Do you remember the old Christmas cartoons that were shown on national networks every year? They are considered classics. I have noticed, as I have watched them this year, that many of the people who gave their talent to being voices for these cartoon characters are no longer alive. Still, these old shows are loved and watched by a new generation of children whose parents have happy memories of them. Just this past week, my husband and I watched Frosty the Snowman. I remember as a young child, I would cry every year when Frosty melted in the greenhouse. My father used to tell me, “Becky, you KNOW he comes back to life!” I did know, yet I cried anyway. I couldn’t stop the tears over Karen’s loss of her best friend. One of my favorite lines from that show is when Santa is scolding the evil magician and tells him to go home and write something a billion times if he wants to see presents on Christmas morning. The magician sets out quickly to start writing and as he says goodbye to Frosty and friends, he says, “I need to get busy writing; busy, busy, busy!”
Each year that trio of words fills my mind as I face a daunting to-do list of holiday tasks. There are so many things that need to be done to insure that all have a wonderful holiday. Those preparations start early–the windows, shelves, and ledges are decorated at the end of October. The tree goes up Thanksgiving weekend–more boxes to haul up from the basement. Then there are cookies to bake–lots of cookies. Each family member has a favorite or two and all need to be baked. Often, I find I have to bake several batches of those favorites because they are gone quickly. Of course, Christmas brings shopping–shopping for presents to open and presents to put in stockings as well as shopping for the special holiday meals we have. Christmas Day roast beef on weck sandwiches, Christmas Eve ham dinner and Christmas Eve Eve feast and movie night. Don’t forget that all those presents also need to be wrapped and tagged. And, because I am slightly OCD, each kid must have the same number of presents to open. Even though none of them are “kids” anymore, this is still important to me. Of course, the regular household chores must be kept up with as well–laundry, cleaning, ironing, dinners, dishes, etc… Yes, the months of November and December are busy, busy, busy.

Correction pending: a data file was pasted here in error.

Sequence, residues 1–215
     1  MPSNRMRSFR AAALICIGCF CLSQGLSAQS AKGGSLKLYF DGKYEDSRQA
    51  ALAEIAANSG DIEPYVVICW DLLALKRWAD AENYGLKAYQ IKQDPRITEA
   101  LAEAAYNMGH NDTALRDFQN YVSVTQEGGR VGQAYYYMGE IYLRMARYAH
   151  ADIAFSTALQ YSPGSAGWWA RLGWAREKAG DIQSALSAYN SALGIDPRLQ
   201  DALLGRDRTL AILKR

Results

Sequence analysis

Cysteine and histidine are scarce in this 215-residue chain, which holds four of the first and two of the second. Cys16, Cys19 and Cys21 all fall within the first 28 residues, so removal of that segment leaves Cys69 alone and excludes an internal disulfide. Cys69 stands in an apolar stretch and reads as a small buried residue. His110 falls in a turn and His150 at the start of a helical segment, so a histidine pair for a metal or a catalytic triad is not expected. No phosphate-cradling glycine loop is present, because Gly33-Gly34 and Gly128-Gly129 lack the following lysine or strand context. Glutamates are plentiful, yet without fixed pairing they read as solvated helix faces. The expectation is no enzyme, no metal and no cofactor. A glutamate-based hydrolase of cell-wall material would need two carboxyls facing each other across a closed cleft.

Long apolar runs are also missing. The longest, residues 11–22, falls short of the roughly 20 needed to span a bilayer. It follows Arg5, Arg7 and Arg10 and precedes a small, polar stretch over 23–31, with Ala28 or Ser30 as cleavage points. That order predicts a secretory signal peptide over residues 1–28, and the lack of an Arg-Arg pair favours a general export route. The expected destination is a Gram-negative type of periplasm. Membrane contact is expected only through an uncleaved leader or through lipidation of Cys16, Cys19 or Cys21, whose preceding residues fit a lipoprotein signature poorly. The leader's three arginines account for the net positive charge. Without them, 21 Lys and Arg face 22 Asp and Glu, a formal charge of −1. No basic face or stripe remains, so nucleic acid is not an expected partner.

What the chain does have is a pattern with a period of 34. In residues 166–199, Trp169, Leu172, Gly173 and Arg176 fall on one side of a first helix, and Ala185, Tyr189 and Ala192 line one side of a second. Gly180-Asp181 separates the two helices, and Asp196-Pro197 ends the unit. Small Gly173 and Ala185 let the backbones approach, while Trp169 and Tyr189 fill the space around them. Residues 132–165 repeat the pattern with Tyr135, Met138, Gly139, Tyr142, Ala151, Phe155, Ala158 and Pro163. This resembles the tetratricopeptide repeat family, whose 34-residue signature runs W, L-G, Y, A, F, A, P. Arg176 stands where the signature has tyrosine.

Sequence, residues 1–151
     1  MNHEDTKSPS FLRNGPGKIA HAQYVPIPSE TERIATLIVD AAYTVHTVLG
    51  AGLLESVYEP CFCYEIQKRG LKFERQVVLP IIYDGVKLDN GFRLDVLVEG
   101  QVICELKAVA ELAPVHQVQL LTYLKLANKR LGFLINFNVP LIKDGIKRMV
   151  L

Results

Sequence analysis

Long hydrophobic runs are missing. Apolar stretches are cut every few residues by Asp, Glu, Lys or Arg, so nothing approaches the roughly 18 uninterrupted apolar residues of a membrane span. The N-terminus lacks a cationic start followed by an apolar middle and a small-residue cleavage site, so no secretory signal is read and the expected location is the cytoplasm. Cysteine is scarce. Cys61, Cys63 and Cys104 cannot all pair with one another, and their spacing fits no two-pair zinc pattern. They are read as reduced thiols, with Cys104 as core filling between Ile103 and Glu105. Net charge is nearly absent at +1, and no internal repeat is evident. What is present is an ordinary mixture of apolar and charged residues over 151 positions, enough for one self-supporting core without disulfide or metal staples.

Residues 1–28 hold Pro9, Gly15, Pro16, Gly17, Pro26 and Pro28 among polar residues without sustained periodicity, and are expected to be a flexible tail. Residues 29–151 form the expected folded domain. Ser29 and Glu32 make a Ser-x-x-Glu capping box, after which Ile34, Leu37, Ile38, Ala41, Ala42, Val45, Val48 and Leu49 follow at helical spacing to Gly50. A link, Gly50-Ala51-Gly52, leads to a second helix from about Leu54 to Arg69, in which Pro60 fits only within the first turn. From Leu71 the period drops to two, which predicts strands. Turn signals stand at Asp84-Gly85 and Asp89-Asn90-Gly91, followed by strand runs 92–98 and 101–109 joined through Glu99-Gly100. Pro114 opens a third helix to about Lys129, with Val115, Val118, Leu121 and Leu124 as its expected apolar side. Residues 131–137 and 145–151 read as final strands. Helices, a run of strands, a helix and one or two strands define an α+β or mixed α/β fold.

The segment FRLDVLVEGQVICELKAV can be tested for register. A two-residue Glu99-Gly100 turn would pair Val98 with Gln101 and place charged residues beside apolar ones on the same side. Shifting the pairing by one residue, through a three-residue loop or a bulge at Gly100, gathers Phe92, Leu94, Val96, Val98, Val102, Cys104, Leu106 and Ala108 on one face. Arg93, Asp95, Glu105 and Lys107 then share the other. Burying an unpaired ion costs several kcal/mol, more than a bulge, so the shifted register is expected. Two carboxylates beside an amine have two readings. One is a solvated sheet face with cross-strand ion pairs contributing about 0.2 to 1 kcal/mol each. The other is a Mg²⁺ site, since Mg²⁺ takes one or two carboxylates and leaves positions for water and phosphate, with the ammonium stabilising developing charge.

This year, I have found that all the busyness has worn me down. Physically, this is not surprising. Christmas is completely on my shoulders. I do all the shopping, baking, cooking, wrapping, and the majority of the decorating (oldest son helped a lot this year with that last part thankfully). Throw in some health issues and it doesn’t surprise me that I have found myself more tired than usual. What has taken me by surprise, though, is that I am worn down in more than a physical way. I am emotionally spent much of the time. The smallest thing will bring tears against my will. I also have found that I am spiritually struggling a lot these last few weeks. Maybe it’s because my focus has been on all that I need to do physically so that I am not focusing at all on the things I should do spiritually. It isn’t that I don’t think about Jesus; after all, He is the reason for the season in the first place. No, it isn’t a lack of thinking about Him. I believe it is more of a lack of intentionally spending time with Him. By the time I drag my physically exhausted and diseased body out of bed, I am thrown into my day. By the time evening rolls around and the designated chores are done for the day, I am too exhausted to open my Bible and concentrate on His words. This has left me teetering on the verge of depression. I want my focus to be on Jesus, but the world is pulling me into its vortex of do, do, do.
This past Sunday in church, I was convicted deeply of my lack of spiritual intentionality this season. Our pastor read the lines from one of my favorite Christmas songs:
“Then in despair I bowed my head, there is no peace on earth I said, For hate is strong, and mocks the song of peace on earth goodwill to men.
Then pealed the bells more loud and deep, God is not dead nor doth he sleep; the wrong shall fail, the right prevail, with peace on earth goodwill to men.”
Peace–something I have been sorely lacking this year. I am busy; I am tired; I am struggling. But, God isn’t dead. His Son is what Christmas is all about. I just need to turn around and get back on the right path–the narrow one, the one that focuses on the reason for Christmas in the first place. Putting the things of the world second to Jesus is difficult, yet it is the only way any of us will ever have peace.
I must go now. I have lots to do. There are presents to wrap and laundry to finish–after I spend some time with the giver of peace. I need Him today more than anything else. I need Jesus to meet me in this mess I am in.